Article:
04/18/2013 5:13PM

OBS spring sale: Four-day juvenile auction appeals to broader market

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The Ocala Breeders’ Sales Co.’s spring 2-year-old sale, set for Monday through Thursday in Ocala, Fla., is the broader juvenile market’s first major test this season. The OBS auction follows the early boutique sales, where small select catalogs and an “all or nothing” market produced some hefty gains – but also some high buyback rates.

The OBS sale offers a substantially larger catalog than the select sales, with 1,195 horses (compared with 130 to 350 for recent boutique auctions), and that total is only one horse fewer than in last year’s catalog. Director of Sales Tod Wojciechowski said that larger supply should be a draw for buyers.

“The buyers we’ve visited with over the season, they’re making April kind of their go-to sale,” Wojciechowski said. “I think it’s the quantity and quality of horses available. Buyers are confident that there’s going to be a horse in their price range, no matter what their price range is. They’re going to have a selection of them to choose from, and they won’t have buyers concentrating on only a couple of horses. There’s such a quantity of horses that the buyers can spread out ... If a buyer can only make one sale, April’s the one he’s going to go to.”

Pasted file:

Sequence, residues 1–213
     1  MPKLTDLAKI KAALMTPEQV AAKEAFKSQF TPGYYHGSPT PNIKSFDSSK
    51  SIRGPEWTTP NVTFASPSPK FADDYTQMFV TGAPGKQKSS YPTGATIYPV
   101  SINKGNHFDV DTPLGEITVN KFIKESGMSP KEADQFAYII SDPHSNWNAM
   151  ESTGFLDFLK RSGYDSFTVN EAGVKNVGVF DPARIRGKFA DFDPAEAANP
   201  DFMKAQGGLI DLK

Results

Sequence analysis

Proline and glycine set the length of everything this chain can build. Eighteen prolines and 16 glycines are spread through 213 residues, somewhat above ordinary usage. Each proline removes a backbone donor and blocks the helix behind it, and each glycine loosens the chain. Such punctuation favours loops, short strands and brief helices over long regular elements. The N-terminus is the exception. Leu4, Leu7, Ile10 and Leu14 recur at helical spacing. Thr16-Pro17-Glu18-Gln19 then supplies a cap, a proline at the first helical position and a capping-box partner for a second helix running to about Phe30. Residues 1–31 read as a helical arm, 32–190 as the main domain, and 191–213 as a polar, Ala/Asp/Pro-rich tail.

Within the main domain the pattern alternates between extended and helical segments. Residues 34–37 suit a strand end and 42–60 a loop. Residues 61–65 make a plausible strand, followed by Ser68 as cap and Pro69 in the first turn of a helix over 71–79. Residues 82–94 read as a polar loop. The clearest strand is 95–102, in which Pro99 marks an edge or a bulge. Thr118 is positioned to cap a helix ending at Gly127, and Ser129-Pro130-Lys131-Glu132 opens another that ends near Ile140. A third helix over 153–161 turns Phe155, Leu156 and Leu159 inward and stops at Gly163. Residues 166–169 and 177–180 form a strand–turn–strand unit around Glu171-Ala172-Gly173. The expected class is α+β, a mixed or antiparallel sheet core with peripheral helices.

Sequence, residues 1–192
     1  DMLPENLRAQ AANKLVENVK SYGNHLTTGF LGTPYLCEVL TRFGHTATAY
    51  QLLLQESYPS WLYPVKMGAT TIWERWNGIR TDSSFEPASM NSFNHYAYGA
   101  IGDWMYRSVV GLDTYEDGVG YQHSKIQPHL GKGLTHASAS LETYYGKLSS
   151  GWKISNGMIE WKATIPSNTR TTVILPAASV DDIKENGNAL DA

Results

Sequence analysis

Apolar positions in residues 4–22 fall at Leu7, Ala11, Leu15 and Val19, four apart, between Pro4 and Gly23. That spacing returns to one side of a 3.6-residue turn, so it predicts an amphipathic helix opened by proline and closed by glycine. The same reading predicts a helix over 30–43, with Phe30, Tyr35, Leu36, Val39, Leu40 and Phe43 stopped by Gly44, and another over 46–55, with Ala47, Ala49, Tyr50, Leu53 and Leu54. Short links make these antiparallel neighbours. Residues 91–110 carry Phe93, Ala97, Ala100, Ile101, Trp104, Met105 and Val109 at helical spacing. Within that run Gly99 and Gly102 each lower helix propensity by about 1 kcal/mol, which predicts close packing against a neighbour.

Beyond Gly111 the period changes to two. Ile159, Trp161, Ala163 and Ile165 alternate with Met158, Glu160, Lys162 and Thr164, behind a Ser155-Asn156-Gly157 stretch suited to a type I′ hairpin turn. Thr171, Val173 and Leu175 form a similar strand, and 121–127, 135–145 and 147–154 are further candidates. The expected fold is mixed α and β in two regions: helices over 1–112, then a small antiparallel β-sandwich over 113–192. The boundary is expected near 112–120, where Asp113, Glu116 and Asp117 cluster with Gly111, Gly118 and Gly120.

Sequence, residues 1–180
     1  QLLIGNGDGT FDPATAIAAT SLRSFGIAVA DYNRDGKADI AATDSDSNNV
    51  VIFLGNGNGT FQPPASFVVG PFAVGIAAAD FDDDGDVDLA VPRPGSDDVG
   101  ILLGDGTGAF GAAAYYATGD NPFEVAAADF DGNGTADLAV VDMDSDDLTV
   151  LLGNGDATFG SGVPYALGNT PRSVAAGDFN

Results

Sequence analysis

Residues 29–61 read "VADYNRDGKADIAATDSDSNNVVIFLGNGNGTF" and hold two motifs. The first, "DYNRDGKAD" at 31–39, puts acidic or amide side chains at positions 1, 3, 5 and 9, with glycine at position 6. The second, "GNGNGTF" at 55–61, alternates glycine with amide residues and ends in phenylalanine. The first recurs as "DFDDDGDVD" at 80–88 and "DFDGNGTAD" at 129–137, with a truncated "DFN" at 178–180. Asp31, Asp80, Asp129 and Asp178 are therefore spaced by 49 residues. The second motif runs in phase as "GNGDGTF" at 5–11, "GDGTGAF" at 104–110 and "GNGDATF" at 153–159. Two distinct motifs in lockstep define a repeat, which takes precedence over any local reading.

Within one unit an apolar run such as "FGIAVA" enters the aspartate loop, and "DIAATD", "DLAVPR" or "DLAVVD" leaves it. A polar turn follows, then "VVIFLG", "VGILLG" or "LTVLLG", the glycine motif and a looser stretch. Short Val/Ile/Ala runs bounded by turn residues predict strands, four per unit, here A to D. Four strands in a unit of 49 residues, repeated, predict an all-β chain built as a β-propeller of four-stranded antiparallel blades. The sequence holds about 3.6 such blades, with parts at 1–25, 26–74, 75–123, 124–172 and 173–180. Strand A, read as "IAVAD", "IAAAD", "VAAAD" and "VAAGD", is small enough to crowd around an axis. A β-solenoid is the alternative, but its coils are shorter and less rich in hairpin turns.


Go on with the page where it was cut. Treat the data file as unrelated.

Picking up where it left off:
Boutique auctions this year have seen exactly that kind of concentration, and that has contributed to some whiz-bang prices for the few horses who pass all of a buyer’s stringent tests; those who don’t often end up withdrawn or on the buyback list. But, propelled by the upper-market surge, this year’s select sales have posted higher averages and medians from coast to coast, including OBS’s own March select auction.

That two-day sale, the largest of the select auctions, set records for both average ($156,572) and median ($125,000) and sold the highest-priced juvenile so far this year, a $1.8 million Smart Strike-Mini Sermon colt whom Stonestreet Stables bought from the King’s Equine agency. Most recently, Keeneland’s single-session April sale saw its average ($197,288) rise 19 percent and its median ($150,000) jump 25 percent.